Inheritance (The Inheritance Cycle 4) - Page 37

Eragon was confident that they would be able to defeat the magicians, just as he was confident that Angela and Elva were perfectly capable of defending themselves from the rest of the soldiers. Saphira, however, was already wounded in several places, and she was hard-pressed to keep Thorn from attacking the rest of the camp.

Eragon glanced at the Dauthdaert in Arya’s hand, then back at the massive shapes of the dragons. We have to kill him, Eragon thought, and his heart grew heavy. Then his eye fell on Elva, and a new idea took root in his mind. The girl’s words were more powerful than any weapon; no one, not even Galbatorix, could withstand them. If she could but speak to Thorn, she could drive him away.

No! growled Glaedr. You waste time, youngling. Go to your dragon—now! She needs your help. You must kill Thorn, not scare him into fleeing! He is broken, and there is nothing you can do to save him.

Eragon looked at Arya, and she looked at him.

“Elva would be faster,” he said.

“We have the Dauthdaert—”

“Too dangerous. Too difficult.”

Arya hesitated, then nodded. Together they started toward Elva.

Before they reached her, Eragon heard a muffled scream. He turned and, to his horror, saw Murtagh striding out of the pavilion, dragging Nasuada by her wrists.

Nasuada’s hair was disheveled. A nasty scratch marred one of her cheeks, and her yellow dressing gown was torn in several places. She kicked at Murtagh’s knee, but her heel bounced off a ward, leaving Murtagh untouched. He pulled her closer with a cruel tug, then struck her on the temple with the pommel of Zar’roc, knocking her unconscious.

Eragon yelled and swerved toward them.

Murtagh gave him a brief look. Then he sheathed his sword, hoisted Nasuada onto a shoulder, and knelt on one knee, where he bowed his head, as if in prayer.

A spike of pain from Saphira distracted Eragon, and she cried, Beware! He’s escaped me!

As Eragon leaped over a mound of corpses, he risked a quick glance upward and saw Thorn’s glittering belly and velvet wings blotting out half the stars in the sky. The red dragon spun slightly as he drifted downward, like a large, weighted leaf.

Eragon dove to the side and rolled behind the pavilion, trying to put distance between himself and the dragon. A rock dug into his shoulder as he landed.

Without slowing, Thorn reached down with his right foreleg, which was as thick and knotted as a tree trunk, and closed his enormous paw around Murtagh and Nasuada. His claws sank into the earth, excavating a plug of dirt several feet deep as he picked up the two humans.

Then, with a triumphant roar and the bone-jarring thuds of flapping wings, Thorn arched upward and started to climb away from the camp.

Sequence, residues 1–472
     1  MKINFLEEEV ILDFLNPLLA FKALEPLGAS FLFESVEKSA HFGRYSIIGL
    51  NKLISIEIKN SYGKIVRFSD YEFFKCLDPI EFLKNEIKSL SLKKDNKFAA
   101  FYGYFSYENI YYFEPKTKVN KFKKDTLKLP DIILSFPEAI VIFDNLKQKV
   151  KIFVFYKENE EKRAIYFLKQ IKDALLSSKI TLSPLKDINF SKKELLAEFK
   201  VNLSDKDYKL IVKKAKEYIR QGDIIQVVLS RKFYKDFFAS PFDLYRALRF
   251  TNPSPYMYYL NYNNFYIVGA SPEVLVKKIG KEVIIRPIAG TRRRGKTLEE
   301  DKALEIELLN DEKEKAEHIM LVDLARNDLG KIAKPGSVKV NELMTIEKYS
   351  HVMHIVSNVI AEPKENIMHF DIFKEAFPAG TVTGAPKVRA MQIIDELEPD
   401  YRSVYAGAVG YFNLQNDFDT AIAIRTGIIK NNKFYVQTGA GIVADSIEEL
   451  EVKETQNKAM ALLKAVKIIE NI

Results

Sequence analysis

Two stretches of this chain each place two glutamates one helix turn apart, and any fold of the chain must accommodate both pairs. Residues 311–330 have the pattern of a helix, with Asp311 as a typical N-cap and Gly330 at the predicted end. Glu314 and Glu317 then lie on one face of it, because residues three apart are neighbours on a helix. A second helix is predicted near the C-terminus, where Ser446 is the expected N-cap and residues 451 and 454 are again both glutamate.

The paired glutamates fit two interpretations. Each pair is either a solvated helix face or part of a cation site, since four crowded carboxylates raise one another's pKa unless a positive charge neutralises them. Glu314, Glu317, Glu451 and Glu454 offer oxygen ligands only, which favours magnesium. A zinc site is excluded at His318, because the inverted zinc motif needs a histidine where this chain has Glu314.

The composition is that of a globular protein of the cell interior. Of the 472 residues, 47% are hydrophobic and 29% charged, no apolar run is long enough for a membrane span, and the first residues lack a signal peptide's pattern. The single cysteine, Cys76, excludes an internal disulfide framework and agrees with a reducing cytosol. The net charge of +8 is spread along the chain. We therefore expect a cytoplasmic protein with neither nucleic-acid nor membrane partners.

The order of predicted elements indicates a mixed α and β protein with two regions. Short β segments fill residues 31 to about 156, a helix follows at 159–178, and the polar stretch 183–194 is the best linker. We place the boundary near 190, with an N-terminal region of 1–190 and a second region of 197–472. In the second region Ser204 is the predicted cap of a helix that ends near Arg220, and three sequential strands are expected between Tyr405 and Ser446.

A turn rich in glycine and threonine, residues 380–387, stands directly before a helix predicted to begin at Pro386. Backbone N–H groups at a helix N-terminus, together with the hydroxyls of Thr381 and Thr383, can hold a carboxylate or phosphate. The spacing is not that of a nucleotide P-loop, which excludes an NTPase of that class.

From where she and Thorn had been grappling, Saphira took off in pursuit, streamers of blood unfurling from bites and claw marks along her limbs. She was faster than Thorn, but even if she caught him, Eragon could not imagine how she could rescue Nasuada without injuring her.

A breath of wind tugged at his hair as Arya sped past him. She ran up a pile of barrels and jumped, and her leap carried her high into the air, higher than any elf could jump without assistance. Reaching out, she grabbed hold of Thorn’s tail and hung dangling from it like an ornament.

Eragon took a half step forward, as if to stop her, then cursed and growled, “Audr!”

The spell launched him into the sky, like an arrow from a bow. He reached out to Glaedr, and the old dragon fed him energy to sustain his ascension. Eragon burned the energy without heed, not caring the price, only wanting to reach Thorn before something horrible happened to Nasuada or Arya.

As he hurtled past Saphira, Eragon watched as Arya began to climb up Thorn’s tail. She clung to the spikes along his spine with her right hand, using them like the rungs on a ladder. With her left, she plunged the Dauthdaert into Thorn, anchoring herself with the blade of the spear even as she pulled herself higher and higher up his heaving body. Thorn wriggled and twisted and snapped at her, like a horse irritated by a fly, but he could not reach her.

Then the blood-red dragon drew in his wings and legs, and with his precious cargo cradled close against his chest, he dove toward the ground, spinning round and round in a death spiral. The Dauthdaert tore loose from Thorn’s flesh, and Arya stretched out at an angle to him as she held on to a spike with only her right hand—her weak hand, the hand she had injured in the catacombs under Dras-Leona.